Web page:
One issue you have is that VirtualBox does not run on non Intel architectures.
VirtualBox is a powerful x86 and AMD64/Intel64 virtualization product
To run a virtual machine on Apple Silicon currently
Parallels, UTM and Docker support Linux ARM VMs, In Ventura Apple provides another API to run vitualisation for Linux, an example of this is VirtualBuddy.
Parallels and UTM also support other OSs that run on ARM including Windows, Parallels 17 can run macOS Monterey. VirtualBuddy can run macOS Ventura.
VMware has now (Sept 2021) announced a preview version for ARM that does not officially support Windows or macOS. And on July 28th 2022 VMWare released a tech preview that says it supports Windows 11 and says they are looking into support for macOS.
VirtualBox does seem now Oct 2022 to be working on a macOS ARM version but as Ars Technica says
I can report that the VirtualBox client informs you, extensively and consistently, about the non-production nature of your client. The changelog notes that it's an "unsupported work in progress" that is "known to have very modest performance." A "Beta Warning" shows up in the (new and unified) message center, and in the upper-right corner, a "BETA" warning on the window frame is stacked on top of a construction-style "Dev Preview" warning sign.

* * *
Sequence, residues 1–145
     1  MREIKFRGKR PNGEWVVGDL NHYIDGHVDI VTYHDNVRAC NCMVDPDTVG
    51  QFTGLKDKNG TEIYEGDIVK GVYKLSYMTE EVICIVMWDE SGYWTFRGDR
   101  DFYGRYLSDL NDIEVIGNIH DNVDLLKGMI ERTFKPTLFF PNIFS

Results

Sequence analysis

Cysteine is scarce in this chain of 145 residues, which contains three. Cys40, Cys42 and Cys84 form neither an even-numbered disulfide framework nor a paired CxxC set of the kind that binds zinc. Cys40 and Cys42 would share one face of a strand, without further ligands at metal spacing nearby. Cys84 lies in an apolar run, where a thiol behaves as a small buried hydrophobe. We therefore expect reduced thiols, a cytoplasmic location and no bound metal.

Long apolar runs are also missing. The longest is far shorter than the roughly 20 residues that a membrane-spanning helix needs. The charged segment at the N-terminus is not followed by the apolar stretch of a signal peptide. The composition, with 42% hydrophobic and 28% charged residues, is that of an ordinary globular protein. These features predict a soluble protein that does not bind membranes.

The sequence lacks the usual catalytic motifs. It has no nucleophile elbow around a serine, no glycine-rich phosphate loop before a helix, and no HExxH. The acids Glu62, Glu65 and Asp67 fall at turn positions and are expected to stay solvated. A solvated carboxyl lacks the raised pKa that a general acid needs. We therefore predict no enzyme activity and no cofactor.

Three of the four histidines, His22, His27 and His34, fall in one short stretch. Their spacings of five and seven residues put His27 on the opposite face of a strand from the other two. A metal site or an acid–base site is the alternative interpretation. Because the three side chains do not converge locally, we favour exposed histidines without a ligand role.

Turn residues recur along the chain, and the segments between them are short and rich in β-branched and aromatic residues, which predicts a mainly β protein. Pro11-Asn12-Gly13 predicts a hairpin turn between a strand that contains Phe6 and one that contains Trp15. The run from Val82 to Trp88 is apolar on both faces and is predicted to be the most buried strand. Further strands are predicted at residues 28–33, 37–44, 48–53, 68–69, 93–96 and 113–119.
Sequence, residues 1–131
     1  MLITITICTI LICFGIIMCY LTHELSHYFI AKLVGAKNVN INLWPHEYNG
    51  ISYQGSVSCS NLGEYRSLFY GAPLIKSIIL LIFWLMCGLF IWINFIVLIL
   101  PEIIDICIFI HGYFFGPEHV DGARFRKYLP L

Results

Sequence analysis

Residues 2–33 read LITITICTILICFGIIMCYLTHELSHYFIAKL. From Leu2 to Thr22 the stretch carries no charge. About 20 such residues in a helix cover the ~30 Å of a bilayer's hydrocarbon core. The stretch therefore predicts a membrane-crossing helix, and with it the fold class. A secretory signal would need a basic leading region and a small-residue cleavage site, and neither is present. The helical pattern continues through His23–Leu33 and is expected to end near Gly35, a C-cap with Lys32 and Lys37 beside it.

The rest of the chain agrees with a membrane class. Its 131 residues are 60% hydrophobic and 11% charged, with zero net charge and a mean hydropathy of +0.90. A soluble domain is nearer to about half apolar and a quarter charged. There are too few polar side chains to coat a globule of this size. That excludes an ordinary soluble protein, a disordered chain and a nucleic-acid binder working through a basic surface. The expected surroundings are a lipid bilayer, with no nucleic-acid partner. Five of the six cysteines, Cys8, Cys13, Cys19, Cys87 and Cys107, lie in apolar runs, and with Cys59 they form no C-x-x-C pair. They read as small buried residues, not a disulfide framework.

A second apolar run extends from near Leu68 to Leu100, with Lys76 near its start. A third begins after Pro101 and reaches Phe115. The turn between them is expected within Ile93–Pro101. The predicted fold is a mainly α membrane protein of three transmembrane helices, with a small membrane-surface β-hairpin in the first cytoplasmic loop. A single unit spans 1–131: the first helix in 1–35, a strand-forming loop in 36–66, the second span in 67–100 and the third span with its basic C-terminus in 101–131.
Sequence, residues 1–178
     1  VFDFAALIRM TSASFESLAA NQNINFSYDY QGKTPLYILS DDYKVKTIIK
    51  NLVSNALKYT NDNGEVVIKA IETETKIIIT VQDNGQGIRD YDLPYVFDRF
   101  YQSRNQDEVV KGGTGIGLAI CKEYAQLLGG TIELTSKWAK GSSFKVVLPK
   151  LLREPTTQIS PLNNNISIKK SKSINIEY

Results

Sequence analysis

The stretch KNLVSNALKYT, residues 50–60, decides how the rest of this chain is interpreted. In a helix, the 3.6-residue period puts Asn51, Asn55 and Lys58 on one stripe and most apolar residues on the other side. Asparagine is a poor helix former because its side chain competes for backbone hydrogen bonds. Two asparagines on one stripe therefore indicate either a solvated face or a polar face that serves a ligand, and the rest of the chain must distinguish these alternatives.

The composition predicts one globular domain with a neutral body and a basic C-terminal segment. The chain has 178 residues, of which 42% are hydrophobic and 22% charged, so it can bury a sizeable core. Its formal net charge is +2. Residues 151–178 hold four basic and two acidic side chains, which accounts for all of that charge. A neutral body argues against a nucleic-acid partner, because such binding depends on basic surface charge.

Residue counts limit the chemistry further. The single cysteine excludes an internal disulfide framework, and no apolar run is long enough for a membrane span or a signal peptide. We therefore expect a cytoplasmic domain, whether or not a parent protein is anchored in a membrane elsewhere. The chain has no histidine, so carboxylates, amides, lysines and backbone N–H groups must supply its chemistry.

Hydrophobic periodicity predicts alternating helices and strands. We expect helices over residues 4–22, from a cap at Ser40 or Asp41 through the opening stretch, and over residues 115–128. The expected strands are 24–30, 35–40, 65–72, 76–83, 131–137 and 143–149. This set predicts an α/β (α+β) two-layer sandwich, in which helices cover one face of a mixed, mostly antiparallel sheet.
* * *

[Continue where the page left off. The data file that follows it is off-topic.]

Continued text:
The other thing to note is that if the VM you want to run is an Intel one then you need an emulator like Qemu.
You probably can't just load an Intel VM to run natively as ARM so have to rebuild the VM from an ARM based install.
Docker can run Intel Linux VMs on Apple Silicon from their blog as can UTM, both use QEMU as a part of implementing this.
As UTM includes QEMU UTM can run Intel Windows or Intel macOS or PPC classic macos (and possibly PPC OSX )
macOS itself provides an API used by Virtual Buddy and examples from Eclecticlight to allow users to write VMs that can run Linux command line programs or macOS. This includes a beta API to allow Intel Linux programs to run under Rosetta and beta API to allow Linux graphical programs.